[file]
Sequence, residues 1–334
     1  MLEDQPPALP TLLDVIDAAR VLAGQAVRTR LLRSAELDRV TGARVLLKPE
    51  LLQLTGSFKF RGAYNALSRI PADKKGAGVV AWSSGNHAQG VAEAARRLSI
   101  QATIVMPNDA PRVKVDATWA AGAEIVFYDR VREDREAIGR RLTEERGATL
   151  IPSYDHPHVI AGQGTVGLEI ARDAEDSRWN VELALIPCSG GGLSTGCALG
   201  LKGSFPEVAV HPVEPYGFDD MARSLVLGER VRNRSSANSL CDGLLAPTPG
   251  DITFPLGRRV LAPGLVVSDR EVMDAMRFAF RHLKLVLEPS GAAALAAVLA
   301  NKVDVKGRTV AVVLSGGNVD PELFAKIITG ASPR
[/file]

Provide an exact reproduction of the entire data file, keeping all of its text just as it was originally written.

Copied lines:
Sequence, residues 1–334
     1  MLEDQPPALP TLLDVIDAAR VLAGQAVRTR LLRSAELDRV TGARVLLKPE
    51  LLQLTGSFKF RGAYNALSRI PADKKGAGVV AWSSGNHAQG VAEAARRLSI
   101  QATIVMPNDA PRVKVDATWA AGAEIVFYDR VREDREAIGR RLTEERGATL
   151  IPSYDHPHVI AGQGTVGLEI ARDAEDSRWN VELALIPCSG GGLSTGCALG
   201  LKGSFPEVAV HPVEPYGFDD MARSLVLGER VRNRSSANSL CDGLLAPTPG
   251  DITFPLGRRV LAPGLVVSDR EVMDAMRFAF RHLKLVLEPS GAAALAAVLA
   301  NKVDVKGRTV AVVLSGGNVD PELFAKIITG ASPR